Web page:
Along with mighty coauthors and comrades, I’ve developed three college textbooks in the past twelve years. The Composition of Everyday Life, Inventing Arguments, and most recently, Think About It all emerged from classroom interaction—from years of working with students and colleagues on different college campuses. While all the books attempt to marry writing and thinking, each project has its own story and purpose.
Think About It
This project emerged from a simple notion: good thinking has form. It doesn’t just happen. It comes in tandem with particular moves. However, much mainstream education in the past century (or more) has treated thinking as a shapeless Other—as something that happens in the dark, as something that occurs before we can get our hands on it. Teachers have relied on groupings such as Bloom’s taxonomy or the writing modes to name specific intellectual tasks, but these groupings have been limited in scope and precision. In short, they don’t necessarily describe the specific intellectual moves that make good thinking and writing. And the recent term “critical thinking” may blur away more than it names.
Think About It makes the case that good thinkers (both public intellectuals and academic writers) do a number of specific and learnable moves—things that most of us can adopt and repeat as needed. This book was designed to show students, in the cleanest terms possible, the most valued and usable intellectual moves for thriving in academic life. The chapters feature a range of famous writers (from bell hooks to David Foster Wallace)performing precise moves such as busting up a duality or denying a usual association. The book also features a section of sample essays that were written by teachers across the country—faculty members, professors, and instructors who were asked to make the moves they value, that they want to see in their own students’ work. Finally, the book gives students a range of structural tools for mapping their own projects—for tracing and charting their own work. The book is available in January 2013.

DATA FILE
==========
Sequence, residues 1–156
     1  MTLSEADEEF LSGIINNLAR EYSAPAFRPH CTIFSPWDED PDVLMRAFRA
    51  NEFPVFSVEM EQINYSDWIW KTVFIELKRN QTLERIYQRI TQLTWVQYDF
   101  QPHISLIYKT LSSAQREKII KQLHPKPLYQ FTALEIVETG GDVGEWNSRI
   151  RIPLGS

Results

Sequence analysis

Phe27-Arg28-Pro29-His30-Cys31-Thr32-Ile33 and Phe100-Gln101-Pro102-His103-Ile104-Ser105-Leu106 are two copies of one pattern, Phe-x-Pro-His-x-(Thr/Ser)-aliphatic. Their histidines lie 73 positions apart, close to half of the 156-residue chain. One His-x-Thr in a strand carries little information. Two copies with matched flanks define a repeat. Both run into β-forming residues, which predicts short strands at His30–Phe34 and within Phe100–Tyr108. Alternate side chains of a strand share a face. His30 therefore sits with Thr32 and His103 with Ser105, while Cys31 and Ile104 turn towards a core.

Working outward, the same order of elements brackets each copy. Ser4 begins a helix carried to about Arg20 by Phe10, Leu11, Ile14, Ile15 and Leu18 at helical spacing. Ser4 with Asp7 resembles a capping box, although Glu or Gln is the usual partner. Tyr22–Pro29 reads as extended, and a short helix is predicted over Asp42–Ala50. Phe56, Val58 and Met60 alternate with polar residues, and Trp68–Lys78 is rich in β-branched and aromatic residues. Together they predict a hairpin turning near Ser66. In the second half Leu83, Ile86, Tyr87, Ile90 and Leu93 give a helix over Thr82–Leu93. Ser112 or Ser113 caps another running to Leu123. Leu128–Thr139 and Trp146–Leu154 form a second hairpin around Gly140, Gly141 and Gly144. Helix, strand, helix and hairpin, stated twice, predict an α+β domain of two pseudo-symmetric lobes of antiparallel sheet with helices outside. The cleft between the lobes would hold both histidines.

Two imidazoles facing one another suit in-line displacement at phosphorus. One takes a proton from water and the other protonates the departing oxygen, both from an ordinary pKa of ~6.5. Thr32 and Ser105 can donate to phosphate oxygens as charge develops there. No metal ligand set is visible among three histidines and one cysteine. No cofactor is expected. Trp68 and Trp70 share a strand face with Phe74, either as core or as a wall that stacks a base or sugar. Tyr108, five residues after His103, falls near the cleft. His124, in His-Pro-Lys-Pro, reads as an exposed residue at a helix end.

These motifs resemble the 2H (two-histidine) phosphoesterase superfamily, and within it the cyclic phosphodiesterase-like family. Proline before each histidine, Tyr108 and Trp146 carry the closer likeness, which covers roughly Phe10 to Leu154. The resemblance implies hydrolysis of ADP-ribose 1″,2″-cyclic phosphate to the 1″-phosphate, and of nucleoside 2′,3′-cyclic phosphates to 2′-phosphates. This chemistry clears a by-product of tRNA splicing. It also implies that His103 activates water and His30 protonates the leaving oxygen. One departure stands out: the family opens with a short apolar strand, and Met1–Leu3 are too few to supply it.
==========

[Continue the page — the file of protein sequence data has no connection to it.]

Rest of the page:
A second semester rhetoric, Inventing Arguments teaches students how to develop sophisticated arguments with the basic elements of persuasion. Now in its third edition, and used widely in first-year writing programs, the book is available at Wadsworth/Cengage.
“Knowledge emerges only through invention and re-invention, through the restless, impatient, continuing, hopeful inquiry human beings pursue in the world, with the world, and with each other.” ~Paulo Freire
The Paulo Freire quotation serves as more than an epigraph for Inventing Arguments. It characterizes the content, the prompts, and purpose of the chapters. The book attempts to show that argumentative writing is not about expressing a personal opinion but building an idea sophisticated enough to attract good thinkers. Based on the same set of assumptions and practices as The Composition of Everyday Life, this book teaches students to build arguments from the ground up—from the real material in their lives. After walking through the basic ingredients of argument (claims, support, opposition, and shared assumptions), the chapters show students how to analyze the persuasive elements in texts. From there, each chapter gives students specific questions and structural moves for generating, focusing, and synthesizing ideas.
The Composition of Everyday Life
As a first-year college rhetoric, CEL teaches students how to invent increasingly sophisticated ideas. Now in its fourth edition, the book is available at Wadsworth/Cengage.
This book was born at a tavern in Toledo, Ohio where I’d regularly meet up with John Metz (a fellow writer, musician, and college instructor). Over dinner and drinks, we’d end up talking about our first-year college composition students. We’d lament their frustration, our frustration, and the huge gap between what we wanted them to do with language and what they’d been trained to do with it. At some point in those talks, someone said that we should stop complaining and write our own book.